So Cheney knew. But as long as his former CFO and controller are willing to fall on their swords for him, there will never be any proof. And we will all go on pretending that when FY98 earnings turned out to be 46% higher than expected, Dick Cheney just scratched his chin, said "I'll be damned, things turned out OK after all," and then went out and played a round of golf. When he got back, nobody on his financial team, nobody in sales, nobody on the board, none of the analysts who follow Halliburton, and nobody in operations ever mentioned the subject of surprisingly high corporate earnings in his presence again.
And they all lived happily ever after.
There are winners and losers in this world. Deal with it.
Andy Borowitz here mocks the whole business -
Oh hell, why not?
CHENEY URGES AMERICANS TO SEND HIM THEIR MONEY FOR SAFEKEEPING
Will Protect Assets Until Threat Has Passed
In the face of terror threats to America's financial institutions, Vice President Dick Cheney today urged all Americans to send him their money for safekeeping until the danger has passed.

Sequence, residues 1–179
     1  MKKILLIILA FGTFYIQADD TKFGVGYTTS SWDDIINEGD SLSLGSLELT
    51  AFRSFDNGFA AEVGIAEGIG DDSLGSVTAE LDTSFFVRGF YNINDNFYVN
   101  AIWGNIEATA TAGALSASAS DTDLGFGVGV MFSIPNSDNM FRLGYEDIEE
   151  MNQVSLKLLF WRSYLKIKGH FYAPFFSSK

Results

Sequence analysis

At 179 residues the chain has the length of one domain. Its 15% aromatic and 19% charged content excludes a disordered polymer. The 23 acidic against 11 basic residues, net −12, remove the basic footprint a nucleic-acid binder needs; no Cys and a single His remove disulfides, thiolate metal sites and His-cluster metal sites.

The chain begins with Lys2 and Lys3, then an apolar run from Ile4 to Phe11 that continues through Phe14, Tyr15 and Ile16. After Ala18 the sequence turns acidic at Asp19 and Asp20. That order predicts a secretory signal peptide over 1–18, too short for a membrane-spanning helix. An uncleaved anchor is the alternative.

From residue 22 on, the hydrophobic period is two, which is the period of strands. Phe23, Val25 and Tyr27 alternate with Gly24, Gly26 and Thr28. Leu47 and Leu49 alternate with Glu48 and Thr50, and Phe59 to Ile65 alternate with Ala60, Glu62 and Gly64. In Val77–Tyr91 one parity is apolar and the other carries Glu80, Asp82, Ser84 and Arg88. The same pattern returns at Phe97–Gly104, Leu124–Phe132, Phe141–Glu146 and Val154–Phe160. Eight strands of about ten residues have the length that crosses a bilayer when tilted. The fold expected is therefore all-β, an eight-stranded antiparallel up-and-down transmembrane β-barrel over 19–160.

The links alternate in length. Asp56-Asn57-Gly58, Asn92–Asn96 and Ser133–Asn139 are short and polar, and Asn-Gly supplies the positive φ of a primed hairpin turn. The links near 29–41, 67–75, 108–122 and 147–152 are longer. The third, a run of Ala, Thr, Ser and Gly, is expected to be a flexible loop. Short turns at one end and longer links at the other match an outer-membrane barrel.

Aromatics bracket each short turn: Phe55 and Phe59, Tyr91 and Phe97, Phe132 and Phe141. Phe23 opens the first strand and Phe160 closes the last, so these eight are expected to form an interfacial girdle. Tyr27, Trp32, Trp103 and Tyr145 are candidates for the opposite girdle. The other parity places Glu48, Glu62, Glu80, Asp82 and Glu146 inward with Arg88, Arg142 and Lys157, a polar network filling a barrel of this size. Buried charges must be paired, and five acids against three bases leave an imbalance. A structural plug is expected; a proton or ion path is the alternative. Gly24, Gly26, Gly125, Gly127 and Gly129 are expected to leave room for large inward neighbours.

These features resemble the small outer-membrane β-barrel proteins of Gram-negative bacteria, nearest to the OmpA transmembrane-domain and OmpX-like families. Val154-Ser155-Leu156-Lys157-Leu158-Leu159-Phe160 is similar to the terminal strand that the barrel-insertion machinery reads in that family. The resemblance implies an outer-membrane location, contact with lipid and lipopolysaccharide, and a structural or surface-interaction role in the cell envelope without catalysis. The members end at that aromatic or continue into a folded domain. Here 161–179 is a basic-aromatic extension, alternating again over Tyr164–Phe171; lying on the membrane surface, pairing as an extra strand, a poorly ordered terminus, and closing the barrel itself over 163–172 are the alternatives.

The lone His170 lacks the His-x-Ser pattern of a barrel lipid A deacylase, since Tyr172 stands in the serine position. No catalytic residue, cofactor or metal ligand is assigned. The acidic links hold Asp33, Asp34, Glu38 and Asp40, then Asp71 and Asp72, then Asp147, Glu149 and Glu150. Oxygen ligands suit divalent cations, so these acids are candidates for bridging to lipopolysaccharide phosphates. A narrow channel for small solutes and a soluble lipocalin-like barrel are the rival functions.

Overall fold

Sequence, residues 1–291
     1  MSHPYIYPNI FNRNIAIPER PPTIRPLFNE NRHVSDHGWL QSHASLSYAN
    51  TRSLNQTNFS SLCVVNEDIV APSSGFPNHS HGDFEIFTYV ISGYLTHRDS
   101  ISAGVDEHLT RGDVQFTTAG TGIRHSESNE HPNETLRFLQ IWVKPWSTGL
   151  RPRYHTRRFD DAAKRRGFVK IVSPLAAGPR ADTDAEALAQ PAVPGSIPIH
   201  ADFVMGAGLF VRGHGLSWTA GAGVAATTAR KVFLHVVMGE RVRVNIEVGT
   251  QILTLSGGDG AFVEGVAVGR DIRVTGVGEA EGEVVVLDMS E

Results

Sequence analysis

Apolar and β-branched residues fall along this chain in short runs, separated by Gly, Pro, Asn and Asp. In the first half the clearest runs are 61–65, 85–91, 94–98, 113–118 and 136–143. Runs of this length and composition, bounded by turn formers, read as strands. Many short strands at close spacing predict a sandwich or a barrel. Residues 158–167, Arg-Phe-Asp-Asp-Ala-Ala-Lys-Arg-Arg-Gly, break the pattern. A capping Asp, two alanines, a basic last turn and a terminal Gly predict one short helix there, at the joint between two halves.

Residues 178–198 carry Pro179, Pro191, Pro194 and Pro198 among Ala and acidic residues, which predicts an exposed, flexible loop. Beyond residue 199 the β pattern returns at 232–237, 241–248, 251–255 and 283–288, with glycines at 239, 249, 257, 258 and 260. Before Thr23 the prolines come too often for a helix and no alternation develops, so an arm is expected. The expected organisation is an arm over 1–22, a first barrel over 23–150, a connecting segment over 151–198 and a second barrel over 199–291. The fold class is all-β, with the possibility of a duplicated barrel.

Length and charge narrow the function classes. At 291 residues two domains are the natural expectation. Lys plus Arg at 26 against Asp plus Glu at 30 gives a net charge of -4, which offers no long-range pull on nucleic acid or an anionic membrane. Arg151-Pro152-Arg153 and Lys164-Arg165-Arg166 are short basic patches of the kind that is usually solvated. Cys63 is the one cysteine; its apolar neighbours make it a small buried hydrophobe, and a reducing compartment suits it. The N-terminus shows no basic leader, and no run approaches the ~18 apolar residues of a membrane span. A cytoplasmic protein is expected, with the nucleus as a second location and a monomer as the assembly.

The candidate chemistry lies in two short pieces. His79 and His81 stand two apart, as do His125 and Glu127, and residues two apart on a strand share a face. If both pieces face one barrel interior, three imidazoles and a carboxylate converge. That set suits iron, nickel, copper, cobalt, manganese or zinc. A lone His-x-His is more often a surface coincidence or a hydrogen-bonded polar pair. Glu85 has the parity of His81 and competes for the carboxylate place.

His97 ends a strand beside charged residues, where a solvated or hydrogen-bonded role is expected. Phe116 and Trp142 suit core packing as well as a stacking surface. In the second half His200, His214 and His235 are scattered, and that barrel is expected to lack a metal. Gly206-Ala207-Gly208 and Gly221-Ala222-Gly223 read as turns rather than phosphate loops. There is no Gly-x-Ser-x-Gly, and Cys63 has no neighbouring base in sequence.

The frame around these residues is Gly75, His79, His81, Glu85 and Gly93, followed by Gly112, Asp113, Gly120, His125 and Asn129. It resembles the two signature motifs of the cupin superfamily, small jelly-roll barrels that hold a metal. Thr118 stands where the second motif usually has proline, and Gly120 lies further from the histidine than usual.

In a nationally televised address, Mr. Cheney said that in the current climate the only safe place for Americans to put their money "is with me."
Using a chart and pointer reminiscent of real estate infomercials, Mr. Cheney gave a series of easy-to-follow instructions showing the American people how to transfer all of their worldly assets to him via check, wire transfer, or big bags of money.
"Your money will he invested personally by me in high-yield, no-bid Iraqi reconstruction contracts," Mr. Cheney said. ...
Actually this Halliburton case here - along with the cost overruns in Iraq now - and along with Halliburton losing one third of the physical equipment we supplied them to work in Iraq (trucks, computers and whatnot all gone) - along with the nearly two billion they cannot track down at the moment ... Well, it seems like this is all an political ploy, a way to gain votes.
How? Envy, of course.
Imagine the powerless white guys being pushed around by everyone and everything in the world every single damned day. They see stuff like this and think, "What sly bastards, and so clever putting it to the losers. In your face, world!" They smile. Dick and George are pretty cool.
As Jesse James is reported to have said, "Everyone loves an outlaw."